On Analog(ue) #76, Casey and Myke struggle with sanctioning some sort of Relay.FM community, likely to take the form of a Slack or a forum. Having more than a decade of experience in running that sort of thing, I wrote the founders an email (most of which I’ve left intact here, and I’ve edited the email slightly; and I got Myke’s permission to publish this):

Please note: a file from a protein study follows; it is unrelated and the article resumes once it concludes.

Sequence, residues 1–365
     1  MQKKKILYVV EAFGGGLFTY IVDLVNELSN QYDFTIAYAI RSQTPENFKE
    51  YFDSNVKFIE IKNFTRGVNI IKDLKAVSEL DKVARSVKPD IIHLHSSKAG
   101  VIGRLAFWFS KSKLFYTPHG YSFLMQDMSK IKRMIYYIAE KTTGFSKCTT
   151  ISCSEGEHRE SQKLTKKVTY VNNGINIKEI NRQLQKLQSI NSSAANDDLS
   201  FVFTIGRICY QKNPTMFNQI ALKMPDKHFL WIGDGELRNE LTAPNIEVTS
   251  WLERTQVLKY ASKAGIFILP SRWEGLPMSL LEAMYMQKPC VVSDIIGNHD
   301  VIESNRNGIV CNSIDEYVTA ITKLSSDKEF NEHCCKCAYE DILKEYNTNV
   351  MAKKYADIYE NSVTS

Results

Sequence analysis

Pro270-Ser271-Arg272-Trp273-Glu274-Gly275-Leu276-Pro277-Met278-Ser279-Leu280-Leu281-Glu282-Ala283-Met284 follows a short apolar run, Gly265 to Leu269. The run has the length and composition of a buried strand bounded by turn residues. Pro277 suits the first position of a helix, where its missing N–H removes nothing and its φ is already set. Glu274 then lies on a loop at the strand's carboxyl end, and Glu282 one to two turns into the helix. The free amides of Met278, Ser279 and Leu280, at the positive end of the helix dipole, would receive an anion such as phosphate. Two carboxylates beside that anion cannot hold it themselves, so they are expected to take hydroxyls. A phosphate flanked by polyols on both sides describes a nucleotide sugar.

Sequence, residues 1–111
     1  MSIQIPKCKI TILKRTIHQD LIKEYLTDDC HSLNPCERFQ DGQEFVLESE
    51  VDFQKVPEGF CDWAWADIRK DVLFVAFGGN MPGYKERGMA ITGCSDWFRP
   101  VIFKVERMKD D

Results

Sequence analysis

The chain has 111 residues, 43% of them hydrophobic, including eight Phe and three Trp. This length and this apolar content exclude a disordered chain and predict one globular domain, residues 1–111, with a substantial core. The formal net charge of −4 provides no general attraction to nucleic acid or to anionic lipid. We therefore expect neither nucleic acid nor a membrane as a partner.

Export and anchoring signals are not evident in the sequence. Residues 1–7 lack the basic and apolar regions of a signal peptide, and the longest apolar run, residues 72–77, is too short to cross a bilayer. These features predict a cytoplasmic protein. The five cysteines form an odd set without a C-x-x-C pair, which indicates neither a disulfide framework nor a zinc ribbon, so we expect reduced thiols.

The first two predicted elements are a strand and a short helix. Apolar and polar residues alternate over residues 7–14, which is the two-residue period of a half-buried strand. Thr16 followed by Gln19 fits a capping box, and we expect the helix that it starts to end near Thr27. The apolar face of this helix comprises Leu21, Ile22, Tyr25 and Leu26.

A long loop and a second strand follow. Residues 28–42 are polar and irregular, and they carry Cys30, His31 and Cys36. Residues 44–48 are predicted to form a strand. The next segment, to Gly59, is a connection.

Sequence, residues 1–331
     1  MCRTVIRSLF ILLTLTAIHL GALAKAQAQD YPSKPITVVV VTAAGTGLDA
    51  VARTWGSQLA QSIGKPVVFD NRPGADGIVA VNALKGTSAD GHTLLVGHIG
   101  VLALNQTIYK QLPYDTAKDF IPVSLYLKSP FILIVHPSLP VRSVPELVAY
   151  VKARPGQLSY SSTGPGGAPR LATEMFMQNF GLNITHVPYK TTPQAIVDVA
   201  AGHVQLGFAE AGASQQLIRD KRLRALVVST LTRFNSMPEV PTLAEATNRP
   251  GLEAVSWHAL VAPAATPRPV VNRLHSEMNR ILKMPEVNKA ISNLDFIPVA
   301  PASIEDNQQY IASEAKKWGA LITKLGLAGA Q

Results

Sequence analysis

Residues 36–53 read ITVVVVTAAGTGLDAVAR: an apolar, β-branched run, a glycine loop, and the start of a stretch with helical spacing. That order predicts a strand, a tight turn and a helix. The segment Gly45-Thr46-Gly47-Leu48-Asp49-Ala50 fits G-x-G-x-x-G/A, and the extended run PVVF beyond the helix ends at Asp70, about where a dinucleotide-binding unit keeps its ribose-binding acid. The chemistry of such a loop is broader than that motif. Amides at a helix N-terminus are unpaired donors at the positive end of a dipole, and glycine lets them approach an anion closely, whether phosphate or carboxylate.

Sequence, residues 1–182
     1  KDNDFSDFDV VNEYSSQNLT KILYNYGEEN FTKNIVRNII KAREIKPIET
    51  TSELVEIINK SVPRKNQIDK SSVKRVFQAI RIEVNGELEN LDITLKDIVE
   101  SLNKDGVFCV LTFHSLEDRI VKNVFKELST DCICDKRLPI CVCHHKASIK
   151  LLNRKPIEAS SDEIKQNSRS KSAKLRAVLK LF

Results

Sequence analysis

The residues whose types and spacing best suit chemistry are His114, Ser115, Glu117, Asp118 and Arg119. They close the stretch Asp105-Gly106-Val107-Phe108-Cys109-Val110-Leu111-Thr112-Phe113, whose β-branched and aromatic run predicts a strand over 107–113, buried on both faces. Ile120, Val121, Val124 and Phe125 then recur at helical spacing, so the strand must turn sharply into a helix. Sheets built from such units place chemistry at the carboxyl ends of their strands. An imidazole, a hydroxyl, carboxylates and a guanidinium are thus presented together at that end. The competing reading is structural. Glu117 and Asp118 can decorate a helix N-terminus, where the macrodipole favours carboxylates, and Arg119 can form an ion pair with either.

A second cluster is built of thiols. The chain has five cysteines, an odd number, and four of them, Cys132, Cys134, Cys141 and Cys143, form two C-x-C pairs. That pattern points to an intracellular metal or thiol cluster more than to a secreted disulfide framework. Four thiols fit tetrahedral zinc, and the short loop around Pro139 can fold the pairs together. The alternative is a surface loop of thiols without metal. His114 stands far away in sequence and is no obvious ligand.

Myke and Stephen —1. I do not want the job of moderating/leading moderation of a Relay.FM listener community. I have enough plates spinning.2. I have run a fan community since 2002 — a small CCM/folk band from Texas that had a lot of fans for a while, and when their official fan group lay fallow, some friends and I took it up. The band hasn’t recorded for years, and one of the artists quite publicly imploded in a public divorce based on infidelity — and yet the community lives on.We used a forum from 2002 through, well, sometime last year. The forum is still there, but the traffic was going way, way down over time. I actually considered closing things, but I decided to start a Slack to see if that would work. Our traffic, while it will never come close to the peak of 2003-06, is back up. It’s a tool that serves a purpose.Here is my basic take on this:Slack is great for ephemeral conversations (a random channel is great for this, even as it has the capacity to go weird, creepy, or over-the-line) as well as focused ones that get archived. We use a bot that pushes an announcement out to the Announcements channel whenever a new channel is created. It mostly works.Forums are great for longer-form discussion and cross-referencing. They work if people are good with writing those things. They can be cantankerous and nasty. Being a religious-oriented thing, we ended up creating an At Your Own Risk board where the rules were relaxed and people knew that mean things may be said. That said, it stayed within limits.In both cases, norms will build on your own, but my strong, strong, strong advice is this:Whatever form of community-building you choose, you will need to be fairly involved (say 5-15 hours a week) with it for anywhere from two weeks to three months, full stop. If you are not involved to that degree, you run the risk of losing control of it very quickly. If you aren’t involved, you cannot effectively pass on the norms and values that you want the place to have.